hornet

Sinking_of_japanese_cruiser_Mikuma_6_june_1942SBDs_and_MikumaThe Japanese navy in 1942 was a power that seemed impossible to beat. They had not lost a battle since their defeat the Battle of Shimonoseki Straits in 1863. It was the goal of the Japanese operation to eliminate the United States as a strategic power in the Pacific…the same reason the attack on Pearl Harbor was important to them. On June 4, 1942, Japanese Admiral Chuichi Nagumo, commander of the fleet that attacked Pearl Harbor, launched a raid on Midway Island with almost the entire Japanese navy. It was to be a decisive battle. Their plan was to make another power grab that that would widen their sphere of influence and conquest. They set their sights on Midway, an island group in the central Pacific, as well as on the Aleutians, off the coast of Alaska. The United States Navy was badly wounded, and the Japanese were determined to finish it off.

The Americans were weakened, that was true, but the Japanese sorely misjudged the determination of the American warrior. The Yorktown had been damaged, and there would only be three days to get her repaired and ready for battle. She would be used, along with the Enterprise and the Hornet for this battle. They were all that was left of the aircraft carriers after the attack on Pearl Harbor. The question on the minds of everyone…would it be enough? Only time would tell. And there was no more time. The battle had begun.

The attack came in the morning, on June 4th. Admiral Nagumo wanted to lure the United States aircraft carriers into a trap. He launched his first strike with 108 aircraft…bringing significant damage to the US installations at Midway. The Americans struck back over and over, but accomplished little, losing 65 of their aircraft in those first attempts. The Japanese admiral was sure that his plan had worked. He could almost taste victory, but he had underestimated the tenacity and determination of Admiral Chester Nimitz and Admiral Raymond Spruance, the commanders of the American forces. Admiral Nagumo ordered a second wave of bombers to finish off what he thought was only a remnant of American resistance. This was when he found out just how wrong he had been, and how badly he had misjudged the Americans. The American Admirals had anticipated the attack on Midway, and they managed to conceal their position because of good reconnaissance, which gave them sufficient opportunity to rearm.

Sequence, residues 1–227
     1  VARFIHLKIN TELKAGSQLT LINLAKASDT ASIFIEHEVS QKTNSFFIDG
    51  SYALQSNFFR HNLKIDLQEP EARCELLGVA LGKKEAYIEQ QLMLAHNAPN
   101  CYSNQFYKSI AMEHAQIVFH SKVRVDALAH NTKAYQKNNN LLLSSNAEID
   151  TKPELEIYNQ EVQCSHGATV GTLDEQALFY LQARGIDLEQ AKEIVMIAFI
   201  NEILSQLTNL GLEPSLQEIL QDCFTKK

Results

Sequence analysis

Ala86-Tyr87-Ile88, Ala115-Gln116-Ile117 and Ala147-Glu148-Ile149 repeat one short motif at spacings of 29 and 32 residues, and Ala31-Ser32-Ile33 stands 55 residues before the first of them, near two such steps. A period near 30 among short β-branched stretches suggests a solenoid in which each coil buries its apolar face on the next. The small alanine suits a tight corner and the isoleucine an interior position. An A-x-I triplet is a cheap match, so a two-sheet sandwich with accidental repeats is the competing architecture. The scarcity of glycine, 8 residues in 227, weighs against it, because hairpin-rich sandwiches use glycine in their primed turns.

The Americans sent in 55 US dive-bombers to take full advantage of Admiral Nagumo’s confusion. He honestly thought this battle would be a simple, but decisive win for the Japanese, but his world came crashing down when the Americans sunk three of the four Japanese carriers, all of them cluttered with aircraft and fuel, ready to launch another attack. The realization came to Admiral Nagumo after it was too late. The Americans had a much larger naval force that he had expected. The Japanese carrier, the Hiryu was crippled, but not before it finished off the American carrier Yorktown.